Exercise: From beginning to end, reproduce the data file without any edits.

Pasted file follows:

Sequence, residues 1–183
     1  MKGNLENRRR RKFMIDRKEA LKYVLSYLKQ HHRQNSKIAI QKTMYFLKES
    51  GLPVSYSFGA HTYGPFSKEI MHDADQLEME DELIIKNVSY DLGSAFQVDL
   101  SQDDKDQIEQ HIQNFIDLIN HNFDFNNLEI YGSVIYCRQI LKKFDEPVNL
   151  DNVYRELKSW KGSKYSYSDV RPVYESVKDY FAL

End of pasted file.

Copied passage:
Sequence, residues 1–183
     1  MKGNLENRRR RKFMIDRKEA LKYVLSYLKQ HHRQNSKIAI QKTMYFLKES
    51  GLPVSYSFGA HTYGPFSKEI MHDADQLEME DELIIKNVSY DLGSAFQVDL
   101  SQDDKDQIEQ HIQNFIDLIN HNFDFNNLEI YGSVIYCRQI LKKFDEPVNL
   151  DNVYRELKSW KGSKYSYSDV RPVYESVKDY FAL